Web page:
*Please note that the Protecting Tenants at Foreclosure Act of 2009 is set to expire on December 31, 2014*
During the foreclosure crisis, numerous renters in good standing have been forced to relocate after a foreclosure sale with little or no notice. To address this critical problem and to stabilize neighborhoods, Congress passed the Protecting Tenants at Foreclosure Act (Title VII of S. 896, Pub. L. No. 111-22, §§701 - 704 (2009). This law immediately went into effect when President Obama signed it on May 20, 2009, and it applies to all pending and future residential foreclosures.
Prior to the enactment of this law, foreclosure automatically extinguished any leases on the property and the purchasers of the home at auction could immediately evict the tenant. The law now allows for a lease to survive the foreclosure action, meaning “bona fide” tenants can stay at least until the end of their lease, or in the case of a month-to-month lease, tenants are entitled to 90 days’ notice before having to move. However, an exception was created when the buyer of the foreclosed home intends to use the property as his/her residence. If the buyer intends to live in the property, the buyer may terminate the lease with 90 days’ notice. Overall, the new law affords greater protections for tenants in that at least some tenants will be able to remain in their homes until the end of their lease, or will at a minimum be given 90 days’ notice to relocate.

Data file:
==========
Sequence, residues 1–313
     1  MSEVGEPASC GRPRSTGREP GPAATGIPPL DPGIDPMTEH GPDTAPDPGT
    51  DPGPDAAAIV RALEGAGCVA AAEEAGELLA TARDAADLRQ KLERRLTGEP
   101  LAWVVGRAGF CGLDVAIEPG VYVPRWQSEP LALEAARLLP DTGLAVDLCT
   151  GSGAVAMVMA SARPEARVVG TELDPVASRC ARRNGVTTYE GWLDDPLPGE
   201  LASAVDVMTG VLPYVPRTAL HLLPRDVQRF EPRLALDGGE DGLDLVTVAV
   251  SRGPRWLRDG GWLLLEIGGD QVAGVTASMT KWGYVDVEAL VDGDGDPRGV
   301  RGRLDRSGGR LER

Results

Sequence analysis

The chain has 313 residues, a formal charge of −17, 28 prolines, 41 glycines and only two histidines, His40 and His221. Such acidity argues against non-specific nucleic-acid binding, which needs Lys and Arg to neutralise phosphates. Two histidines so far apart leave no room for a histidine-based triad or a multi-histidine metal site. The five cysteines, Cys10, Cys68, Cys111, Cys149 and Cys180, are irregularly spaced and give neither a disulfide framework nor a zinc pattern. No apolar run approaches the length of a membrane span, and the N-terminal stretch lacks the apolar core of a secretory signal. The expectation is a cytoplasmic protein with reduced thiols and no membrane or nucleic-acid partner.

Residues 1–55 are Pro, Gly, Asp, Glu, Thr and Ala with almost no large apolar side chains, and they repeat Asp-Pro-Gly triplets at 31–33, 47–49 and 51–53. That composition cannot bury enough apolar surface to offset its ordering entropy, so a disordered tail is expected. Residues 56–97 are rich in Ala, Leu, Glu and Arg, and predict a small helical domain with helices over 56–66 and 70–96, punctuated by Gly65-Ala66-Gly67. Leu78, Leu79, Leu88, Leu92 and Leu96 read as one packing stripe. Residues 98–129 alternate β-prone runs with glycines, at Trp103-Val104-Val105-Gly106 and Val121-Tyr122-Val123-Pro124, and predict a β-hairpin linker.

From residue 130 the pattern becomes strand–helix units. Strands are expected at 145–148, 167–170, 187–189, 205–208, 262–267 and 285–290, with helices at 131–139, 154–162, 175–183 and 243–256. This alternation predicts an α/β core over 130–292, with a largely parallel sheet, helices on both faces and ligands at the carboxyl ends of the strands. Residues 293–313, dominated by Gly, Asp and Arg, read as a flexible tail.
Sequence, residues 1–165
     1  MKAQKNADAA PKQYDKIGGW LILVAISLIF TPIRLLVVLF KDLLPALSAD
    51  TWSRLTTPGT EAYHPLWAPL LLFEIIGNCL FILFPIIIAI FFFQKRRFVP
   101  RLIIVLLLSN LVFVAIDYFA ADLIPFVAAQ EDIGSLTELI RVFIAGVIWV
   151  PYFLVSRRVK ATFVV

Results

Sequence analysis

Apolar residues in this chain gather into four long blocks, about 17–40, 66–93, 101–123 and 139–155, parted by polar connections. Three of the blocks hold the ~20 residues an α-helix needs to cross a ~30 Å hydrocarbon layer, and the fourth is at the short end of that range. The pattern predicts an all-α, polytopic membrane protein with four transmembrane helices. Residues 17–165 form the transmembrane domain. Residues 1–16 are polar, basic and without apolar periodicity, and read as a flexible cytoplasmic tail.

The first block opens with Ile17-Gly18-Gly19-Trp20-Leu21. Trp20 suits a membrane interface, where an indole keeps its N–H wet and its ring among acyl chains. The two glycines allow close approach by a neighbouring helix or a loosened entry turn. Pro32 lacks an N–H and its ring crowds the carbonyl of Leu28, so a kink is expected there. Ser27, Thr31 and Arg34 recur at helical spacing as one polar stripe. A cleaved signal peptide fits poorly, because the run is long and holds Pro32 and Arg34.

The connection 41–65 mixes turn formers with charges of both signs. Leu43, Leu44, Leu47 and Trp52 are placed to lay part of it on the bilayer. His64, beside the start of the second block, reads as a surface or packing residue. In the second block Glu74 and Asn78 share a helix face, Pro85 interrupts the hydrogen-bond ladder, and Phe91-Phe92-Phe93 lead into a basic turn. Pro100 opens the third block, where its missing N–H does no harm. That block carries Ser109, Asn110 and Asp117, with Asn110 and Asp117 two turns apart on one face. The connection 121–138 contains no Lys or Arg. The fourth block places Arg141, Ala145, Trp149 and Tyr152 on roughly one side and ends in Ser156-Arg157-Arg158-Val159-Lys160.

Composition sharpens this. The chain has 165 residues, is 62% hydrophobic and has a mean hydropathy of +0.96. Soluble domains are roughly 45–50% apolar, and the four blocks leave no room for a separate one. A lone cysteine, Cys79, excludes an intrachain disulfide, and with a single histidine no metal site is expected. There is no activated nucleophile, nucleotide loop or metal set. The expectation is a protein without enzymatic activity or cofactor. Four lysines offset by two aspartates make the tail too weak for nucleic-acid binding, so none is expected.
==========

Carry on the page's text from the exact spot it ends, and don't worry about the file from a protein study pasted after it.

The law has also afforded protection to landlords in a roundabout way. Tenants with leases will have no legal recourse against their former landlords because their lease survives and ends as if there had been no foreclosure. Similarly, tenants with month-to-month leases will have no legal recourse against their former landlords because month-to-month leases may always be terminated with proper notice, and 90 days is much longer than the 15 days required by Florida law. However, a tenant with a lease who is forced to move out so the new owners may move in might consider suing their former landlord in small claims court for relocation and moving expenses, applications fees, or the difference, if any, between the new rent for a comparable rental and the rent under the old lease.
As a recently enacted law many landlords and/or tenants may not be aware of its requirements and it is still uncertain how the act will be enforced by the courts. We can help! At the Morey Law Firm, P.A., we can help you determine your legal rights and defend you in a lawsuit if necessary. If you live in Orlando or Central Florida, call us today at (407) 426-7222 to set up your free consultation!